Saturday, September 23, 2017

A family sits down to a Passover seder in the Warsaw Ghetto. Two young women fast on Yom Kippur in Auschwitz. A makeshift orchestra presents a symphonic concert in the Lodz Ghetto. A clandestine school. An underground library. A secret Shabbat service. A hidden diary.

Spiritual resistance—the many courageous acts of unarmed defiance by Jews intent on maintaining their dignity, their culture, their humanity and their spirit in the face of the Nazis’ relentless attempts to degrade and destroy them—was the theme of the annual Bi-Cultural Day School Yom HaShoah commemoration, held at the Stamford school, Monday morning, April 24.

The powerful, often poignant, hour-long program had many in the audience riveted. It was hard to believe that the program—from its conception to its execution—was handcrafted by of a group of young people just beginning to enter their teens.

“What’s beautiful about this commemoration is that it is 100 percent student created, directed and performed,” Bi-Cultural’s Head of School Jackie Herman told an audience that included students in grades four,five and six, as well as faculty, staff, parents and school supporters (the school’s eighth grade class watched the program by satellite from Israel, where they are currently on a month-long, school-sponsored trip).

Although it is traditional at BCDS for the seventh grade class to present the annual Yom HaShoah commemoration, Herman said, “This class of seventh-graders took this opportunity to embrace this awful time in our history and make a beautiful, moving and meaningful commemoration. They are committed to never forgetting; to standing up and being the change; to helping ensure that something as horrific as the Holocaust never happens again, anywhere.”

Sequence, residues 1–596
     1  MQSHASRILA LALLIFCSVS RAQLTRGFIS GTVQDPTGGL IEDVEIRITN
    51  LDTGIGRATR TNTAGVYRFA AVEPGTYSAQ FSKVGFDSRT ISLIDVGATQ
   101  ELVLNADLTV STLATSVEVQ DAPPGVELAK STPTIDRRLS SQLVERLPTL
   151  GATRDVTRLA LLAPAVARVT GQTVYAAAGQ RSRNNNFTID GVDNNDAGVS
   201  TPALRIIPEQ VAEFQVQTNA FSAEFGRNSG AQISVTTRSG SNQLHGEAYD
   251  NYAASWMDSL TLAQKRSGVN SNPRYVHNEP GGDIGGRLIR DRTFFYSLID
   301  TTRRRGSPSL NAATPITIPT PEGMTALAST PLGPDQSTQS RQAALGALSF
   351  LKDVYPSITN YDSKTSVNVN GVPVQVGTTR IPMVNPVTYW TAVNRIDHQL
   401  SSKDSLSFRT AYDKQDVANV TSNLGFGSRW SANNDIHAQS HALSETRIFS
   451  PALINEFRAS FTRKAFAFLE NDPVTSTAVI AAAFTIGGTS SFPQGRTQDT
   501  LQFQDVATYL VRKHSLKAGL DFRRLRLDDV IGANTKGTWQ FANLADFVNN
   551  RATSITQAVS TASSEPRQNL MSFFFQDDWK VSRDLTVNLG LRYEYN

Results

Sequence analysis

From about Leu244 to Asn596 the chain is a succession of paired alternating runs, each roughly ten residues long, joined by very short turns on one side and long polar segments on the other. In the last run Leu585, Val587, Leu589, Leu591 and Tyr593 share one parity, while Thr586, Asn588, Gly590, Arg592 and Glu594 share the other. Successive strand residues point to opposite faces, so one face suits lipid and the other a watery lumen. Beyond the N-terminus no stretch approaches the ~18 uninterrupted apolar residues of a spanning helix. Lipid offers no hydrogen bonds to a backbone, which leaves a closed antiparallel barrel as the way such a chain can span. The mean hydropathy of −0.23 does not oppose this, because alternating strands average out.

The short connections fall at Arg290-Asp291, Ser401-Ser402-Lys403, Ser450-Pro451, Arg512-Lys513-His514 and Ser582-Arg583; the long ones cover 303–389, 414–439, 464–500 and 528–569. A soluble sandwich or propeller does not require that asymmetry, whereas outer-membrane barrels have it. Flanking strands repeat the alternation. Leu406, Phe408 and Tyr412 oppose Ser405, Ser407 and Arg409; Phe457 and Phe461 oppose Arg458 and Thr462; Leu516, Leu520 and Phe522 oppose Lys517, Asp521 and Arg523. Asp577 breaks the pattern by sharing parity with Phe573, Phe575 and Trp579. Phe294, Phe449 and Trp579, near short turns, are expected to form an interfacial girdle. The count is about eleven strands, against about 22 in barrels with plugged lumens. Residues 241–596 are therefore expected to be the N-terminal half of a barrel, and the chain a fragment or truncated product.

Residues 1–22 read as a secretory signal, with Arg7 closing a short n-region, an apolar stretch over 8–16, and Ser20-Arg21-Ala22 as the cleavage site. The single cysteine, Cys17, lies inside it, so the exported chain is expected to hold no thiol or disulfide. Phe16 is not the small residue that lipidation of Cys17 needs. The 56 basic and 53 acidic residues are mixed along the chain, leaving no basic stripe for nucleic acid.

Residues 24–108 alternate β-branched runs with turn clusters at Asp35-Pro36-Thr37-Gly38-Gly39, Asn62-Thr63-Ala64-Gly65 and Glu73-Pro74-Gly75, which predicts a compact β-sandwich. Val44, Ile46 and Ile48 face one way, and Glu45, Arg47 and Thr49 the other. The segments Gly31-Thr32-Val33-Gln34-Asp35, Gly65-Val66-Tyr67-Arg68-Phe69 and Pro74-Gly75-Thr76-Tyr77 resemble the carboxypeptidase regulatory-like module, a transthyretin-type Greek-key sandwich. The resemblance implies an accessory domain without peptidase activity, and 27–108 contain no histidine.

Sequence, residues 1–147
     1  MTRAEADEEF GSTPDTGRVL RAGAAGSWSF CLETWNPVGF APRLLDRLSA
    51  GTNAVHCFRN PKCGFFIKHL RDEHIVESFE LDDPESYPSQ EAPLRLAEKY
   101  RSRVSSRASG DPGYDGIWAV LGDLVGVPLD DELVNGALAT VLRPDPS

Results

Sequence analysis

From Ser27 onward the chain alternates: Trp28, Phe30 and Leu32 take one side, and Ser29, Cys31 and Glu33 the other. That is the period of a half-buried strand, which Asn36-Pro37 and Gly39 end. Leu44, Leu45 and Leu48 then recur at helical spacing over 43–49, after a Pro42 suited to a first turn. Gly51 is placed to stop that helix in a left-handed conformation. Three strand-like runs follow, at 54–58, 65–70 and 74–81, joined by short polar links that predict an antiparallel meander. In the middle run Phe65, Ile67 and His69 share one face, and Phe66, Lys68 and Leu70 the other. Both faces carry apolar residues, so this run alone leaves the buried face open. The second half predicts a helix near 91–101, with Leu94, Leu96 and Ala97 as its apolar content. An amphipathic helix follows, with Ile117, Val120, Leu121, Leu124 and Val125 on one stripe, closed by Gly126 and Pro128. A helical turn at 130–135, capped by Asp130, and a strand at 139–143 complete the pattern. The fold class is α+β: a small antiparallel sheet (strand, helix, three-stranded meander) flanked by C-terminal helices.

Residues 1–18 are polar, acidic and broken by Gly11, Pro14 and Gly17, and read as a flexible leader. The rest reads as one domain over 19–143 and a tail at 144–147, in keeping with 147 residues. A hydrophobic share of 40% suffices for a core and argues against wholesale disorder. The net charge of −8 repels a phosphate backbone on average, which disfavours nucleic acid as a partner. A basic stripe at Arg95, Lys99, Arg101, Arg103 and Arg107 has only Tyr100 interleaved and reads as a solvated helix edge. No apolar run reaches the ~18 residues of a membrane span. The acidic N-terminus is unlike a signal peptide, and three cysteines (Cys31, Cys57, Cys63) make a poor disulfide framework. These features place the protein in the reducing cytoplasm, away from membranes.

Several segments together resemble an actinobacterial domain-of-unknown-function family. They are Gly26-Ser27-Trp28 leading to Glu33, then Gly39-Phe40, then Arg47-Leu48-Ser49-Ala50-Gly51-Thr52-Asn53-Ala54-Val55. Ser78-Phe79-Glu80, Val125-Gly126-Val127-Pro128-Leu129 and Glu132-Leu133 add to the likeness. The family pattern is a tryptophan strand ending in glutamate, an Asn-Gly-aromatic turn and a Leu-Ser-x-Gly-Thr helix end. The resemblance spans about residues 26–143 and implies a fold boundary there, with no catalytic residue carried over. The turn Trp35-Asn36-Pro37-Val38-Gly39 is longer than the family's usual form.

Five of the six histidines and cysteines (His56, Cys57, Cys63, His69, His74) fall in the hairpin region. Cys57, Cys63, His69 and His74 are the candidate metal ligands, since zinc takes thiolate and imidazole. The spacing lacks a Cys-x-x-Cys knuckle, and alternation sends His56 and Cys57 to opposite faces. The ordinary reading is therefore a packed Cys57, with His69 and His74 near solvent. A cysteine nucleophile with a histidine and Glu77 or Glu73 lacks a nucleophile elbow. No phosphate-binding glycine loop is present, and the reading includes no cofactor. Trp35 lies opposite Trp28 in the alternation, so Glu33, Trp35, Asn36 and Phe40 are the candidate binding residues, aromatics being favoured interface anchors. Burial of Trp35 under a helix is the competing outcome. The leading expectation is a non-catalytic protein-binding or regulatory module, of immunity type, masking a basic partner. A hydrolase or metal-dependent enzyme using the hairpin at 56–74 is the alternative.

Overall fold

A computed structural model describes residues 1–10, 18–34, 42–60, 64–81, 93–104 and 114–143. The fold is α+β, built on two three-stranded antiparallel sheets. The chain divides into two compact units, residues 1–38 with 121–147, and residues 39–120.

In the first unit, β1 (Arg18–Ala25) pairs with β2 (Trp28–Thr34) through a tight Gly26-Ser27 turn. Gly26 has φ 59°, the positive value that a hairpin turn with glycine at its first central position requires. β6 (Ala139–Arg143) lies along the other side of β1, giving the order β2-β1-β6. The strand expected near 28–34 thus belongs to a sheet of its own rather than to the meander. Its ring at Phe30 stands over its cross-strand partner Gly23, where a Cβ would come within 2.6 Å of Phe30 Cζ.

Standing on stage before a backdrop depicting the now-infamous entrance to Auschwitz, as well as other concentration camps, with the German words “Arbeit Macht Frei”—“Work sets you free”—set into the front gate, each student stepped forward to explain to the audience in his or her own words the focus of the program they were about to experience. As one student put it: “Today, we want to express our pride in the many acts of heroism that were not violent or physical, but were spiritual.”

To do that, the students put together a program composed of original skits, songs and dance performances; as well as two short films, a prayer and the sounding of a siren, similar to the siren sounded in Israel on Yom HaShoah, during which time the audience stood for a respectful moment of silence.

In one film, Roman Kent, survivor of a Nazi work camp, movingly explained the importance of spiritual resistance.

“I heard so many times that the Jews didn’t do anything,” said Kent. “Not true. Resistance doesn’t have to be with a gun. Resistance was a mother giving her piece of bread to her child so he could survive. People who were teaching the children in the ghetto was a resistance. In the Lodz ghetto we had an orchestra playing. Why? Because it gave the people the will to live another day and another day and another day. So there are many other forms of resistance, of spiritual resistance.

Before ending the program with the singing of Hatikvah, the students lit six candles, each one in memory of those who inspired them: those who risked their lives to protect others, who performed small acts of kindness and compassion, who kept honor and education alive, who survived to begin new lives and tell their stories. “You will not be forgotten,” said each student as he or she lit a candle.

As they filed out, visitors were notably moved by the compelling program—and “blown away,” as BCDS supporter Lorraine Kweskin put it, by the fact that the program was student-driven in its entirety and by the insight the children showed in their choice of theme.

“That [the students] could get beyond the atrocity and look at the spiritual aspects is truly amazing,” said Kweskin.

Esta Feinsod, an alumni parent and a member of the school’s Board of Incorporators agreed.

“The maturity of the seventh graders is so impressive. The fact that they were able to approach such a horrific subject with such poise and incite and spirituality is really fantastic.”

The parent of one BCDS alum and three current students—including one seventh grader—Risa Raich, was impressed with the program’s attention to detail, and its cross-disciplinary approach in that it included elements of art, writing, dance and music. She also praised the school’s administration for NOT taking charge of the program.

“It took courage for the administration to allow students to drive this program and assert their creativity and independence. It would have been so much easier for teachers and administrators to hand students a script and just have them stand on stage and say what they were instructed to say. Instead, they empowered students to create their own learning environment.”

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